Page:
At the request of NIH Director Elias Zerhouni, the National Academies have begun a year-long review of the state-of-the-science in nuclear medicine. This study results from the uncertainty about future federal funding for nuclear medicine research that accompanied the drastic reduction in support for the Medical Applications and Measurement Sciences (MAMS) program that had been supported by the Department of Energy for decades. The MAMS program was virtually eliminated in the Administration's 2006 budget and was again not included in the 2007 proposal.
The National Academies review is expected to serve as the basis for decisions regarding the future of the program. Nuclear medicine is a multidisciplinary science and medical specialty that uses radiopharmaceutical agents and radiation-detection instruments for the diagnosis and treatment of disease and for biomedical research.
The National Academy of Science is working with the Society of Nuclear Medicine and other groups to convince the Congress to provide interim funding.
Peter S. Conti, Society of Nuclear Medicine immediate past president, was named as a member the NAS ad hoc committee of experts conducting the review. to review the "state of the science" for nuclear medicine. "The 13-month $700,000 study will provide the opportunity to validate the importance of basic nuclear medicine research," said Conti, a professor of radiology, pharmacy and biomedical engineering at the University of Southern California, Los Angeles. "Nuclear medicine research has a proven record of leading to improvements--from bench to bedside--in the diagnosis and treatment of life-threatening cancer, heart and debilitating neurological diseases that affect millions each year," added the director of the PET Imaging Science Center at USC's Keck School of Medicine.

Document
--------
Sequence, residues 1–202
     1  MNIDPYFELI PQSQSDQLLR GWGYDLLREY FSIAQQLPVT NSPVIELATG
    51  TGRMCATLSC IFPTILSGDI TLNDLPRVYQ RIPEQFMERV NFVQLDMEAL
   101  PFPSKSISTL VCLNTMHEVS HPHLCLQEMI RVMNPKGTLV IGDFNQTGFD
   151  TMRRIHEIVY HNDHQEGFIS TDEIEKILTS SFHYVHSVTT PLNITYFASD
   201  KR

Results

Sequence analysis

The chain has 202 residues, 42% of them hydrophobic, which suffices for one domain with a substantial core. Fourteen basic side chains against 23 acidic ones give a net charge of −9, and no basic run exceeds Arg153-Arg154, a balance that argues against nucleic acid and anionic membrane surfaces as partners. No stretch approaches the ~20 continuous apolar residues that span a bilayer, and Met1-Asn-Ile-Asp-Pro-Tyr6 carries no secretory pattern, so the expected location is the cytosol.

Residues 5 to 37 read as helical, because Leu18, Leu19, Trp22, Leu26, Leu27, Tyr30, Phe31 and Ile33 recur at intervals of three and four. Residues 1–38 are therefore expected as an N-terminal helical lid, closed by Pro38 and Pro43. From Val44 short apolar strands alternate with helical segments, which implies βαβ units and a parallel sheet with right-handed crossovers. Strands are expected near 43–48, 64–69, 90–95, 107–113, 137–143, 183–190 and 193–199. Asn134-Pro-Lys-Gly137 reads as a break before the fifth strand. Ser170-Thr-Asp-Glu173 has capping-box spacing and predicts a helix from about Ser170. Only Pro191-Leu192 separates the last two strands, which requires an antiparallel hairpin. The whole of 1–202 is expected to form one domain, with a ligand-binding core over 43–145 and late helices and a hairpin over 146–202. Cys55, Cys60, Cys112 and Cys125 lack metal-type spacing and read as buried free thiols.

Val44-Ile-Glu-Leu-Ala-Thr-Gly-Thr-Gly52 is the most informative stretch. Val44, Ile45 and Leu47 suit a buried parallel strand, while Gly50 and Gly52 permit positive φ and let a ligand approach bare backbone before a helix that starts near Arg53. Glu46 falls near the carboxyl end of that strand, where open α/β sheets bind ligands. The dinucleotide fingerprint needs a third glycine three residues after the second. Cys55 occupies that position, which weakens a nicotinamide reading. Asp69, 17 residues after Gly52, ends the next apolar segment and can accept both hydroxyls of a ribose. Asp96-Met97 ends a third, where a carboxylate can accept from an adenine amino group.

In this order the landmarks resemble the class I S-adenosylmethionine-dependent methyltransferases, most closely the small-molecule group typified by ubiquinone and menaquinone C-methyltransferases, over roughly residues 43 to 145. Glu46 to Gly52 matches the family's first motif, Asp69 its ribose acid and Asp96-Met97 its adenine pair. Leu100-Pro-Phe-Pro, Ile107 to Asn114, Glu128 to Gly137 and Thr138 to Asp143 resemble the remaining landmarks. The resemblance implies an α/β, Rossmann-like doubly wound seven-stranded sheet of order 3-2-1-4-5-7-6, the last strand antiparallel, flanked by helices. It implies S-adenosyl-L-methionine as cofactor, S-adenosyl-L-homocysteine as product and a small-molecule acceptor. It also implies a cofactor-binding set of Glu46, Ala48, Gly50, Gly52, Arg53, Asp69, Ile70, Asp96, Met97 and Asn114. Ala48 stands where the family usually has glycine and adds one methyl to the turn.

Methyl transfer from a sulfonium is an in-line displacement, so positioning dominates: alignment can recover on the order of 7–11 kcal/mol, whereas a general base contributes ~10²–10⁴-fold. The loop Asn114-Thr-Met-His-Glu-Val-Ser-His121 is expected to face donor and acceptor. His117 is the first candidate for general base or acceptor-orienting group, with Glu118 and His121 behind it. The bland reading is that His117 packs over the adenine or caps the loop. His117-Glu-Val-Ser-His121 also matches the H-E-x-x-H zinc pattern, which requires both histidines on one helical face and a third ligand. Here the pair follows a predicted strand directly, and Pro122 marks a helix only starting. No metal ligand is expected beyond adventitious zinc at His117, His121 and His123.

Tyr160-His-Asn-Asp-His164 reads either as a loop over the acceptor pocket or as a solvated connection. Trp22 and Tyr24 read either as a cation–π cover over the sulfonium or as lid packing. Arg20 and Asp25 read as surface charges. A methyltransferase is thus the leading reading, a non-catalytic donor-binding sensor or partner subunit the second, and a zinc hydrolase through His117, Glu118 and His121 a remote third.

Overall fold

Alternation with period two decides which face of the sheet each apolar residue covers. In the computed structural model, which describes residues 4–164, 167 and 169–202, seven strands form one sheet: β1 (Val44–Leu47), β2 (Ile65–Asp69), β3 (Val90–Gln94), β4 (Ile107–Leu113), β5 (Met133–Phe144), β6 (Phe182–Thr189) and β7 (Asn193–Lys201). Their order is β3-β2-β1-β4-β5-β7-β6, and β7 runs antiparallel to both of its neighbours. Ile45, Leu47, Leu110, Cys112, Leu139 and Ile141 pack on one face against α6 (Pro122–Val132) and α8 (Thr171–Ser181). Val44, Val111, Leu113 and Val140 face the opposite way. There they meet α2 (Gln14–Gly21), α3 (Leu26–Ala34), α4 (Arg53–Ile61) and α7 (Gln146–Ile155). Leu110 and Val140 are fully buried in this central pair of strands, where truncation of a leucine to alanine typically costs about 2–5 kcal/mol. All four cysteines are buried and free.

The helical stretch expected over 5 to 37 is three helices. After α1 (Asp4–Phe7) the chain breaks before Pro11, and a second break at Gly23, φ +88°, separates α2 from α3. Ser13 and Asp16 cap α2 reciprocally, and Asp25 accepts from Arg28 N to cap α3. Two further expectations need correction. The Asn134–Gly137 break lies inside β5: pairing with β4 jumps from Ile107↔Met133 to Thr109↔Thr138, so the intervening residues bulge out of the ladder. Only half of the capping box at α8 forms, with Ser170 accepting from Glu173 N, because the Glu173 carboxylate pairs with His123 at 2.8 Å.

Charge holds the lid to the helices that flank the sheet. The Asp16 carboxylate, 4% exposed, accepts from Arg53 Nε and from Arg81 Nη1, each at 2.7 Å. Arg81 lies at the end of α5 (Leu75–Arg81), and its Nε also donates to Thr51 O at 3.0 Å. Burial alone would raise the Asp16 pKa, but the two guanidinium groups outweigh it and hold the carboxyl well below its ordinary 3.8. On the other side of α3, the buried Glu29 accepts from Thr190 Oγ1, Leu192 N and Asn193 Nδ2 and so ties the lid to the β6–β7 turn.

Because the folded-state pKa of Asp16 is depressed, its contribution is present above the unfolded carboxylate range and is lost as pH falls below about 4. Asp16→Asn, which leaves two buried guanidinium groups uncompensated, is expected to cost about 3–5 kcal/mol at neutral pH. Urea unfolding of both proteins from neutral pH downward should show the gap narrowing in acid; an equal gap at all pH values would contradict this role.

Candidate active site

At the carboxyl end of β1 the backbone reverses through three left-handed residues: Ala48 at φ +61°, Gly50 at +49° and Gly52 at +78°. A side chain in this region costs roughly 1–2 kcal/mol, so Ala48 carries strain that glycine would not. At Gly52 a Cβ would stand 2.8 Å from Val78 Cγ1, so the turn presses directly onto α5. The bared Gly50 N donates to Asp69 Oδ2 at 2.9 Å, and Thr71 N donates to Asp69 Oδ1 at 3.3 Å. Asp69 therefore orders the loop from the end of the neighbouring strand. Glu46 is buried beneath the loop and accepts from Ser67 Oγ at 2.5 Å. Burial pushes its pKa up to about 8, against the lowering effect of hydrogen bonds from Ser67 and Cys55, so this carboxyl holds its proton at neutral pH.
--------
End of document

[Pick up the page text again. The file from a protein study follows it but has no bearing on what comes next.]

The study, which will be funded by the Department of Energy/National Institutes of Health, was prompted by a $23 million cut in funding from DOE's 2006 fiscal year budget, effectively eliminating all money for basic nuclear medicine and molecular imaging research. Basic molecular imaging/nuclear medicine research has been funded by the DOE since biomedical research was initially included in the Atomic Energy Act of 1954 (the Atomic Energy Commission was DOE's predecessor).
The co-chair of SNM's "From Bench to Bedside" molecular imaging fundraising campaign was nominated by peers to serve on the committee based on his expertise in nuclear medicine, according to Naoko Ishibe, NAS program officer of the Nuclear and Radiation Studies Board in the earth and life studies division. Conti joins a number of SNM members who will be conducting a "state-of-the-science" review of nuclear medicine. These NAS experts--advisers to the nation on medicine, science and engineering--will provide findings and recommendations on these issues: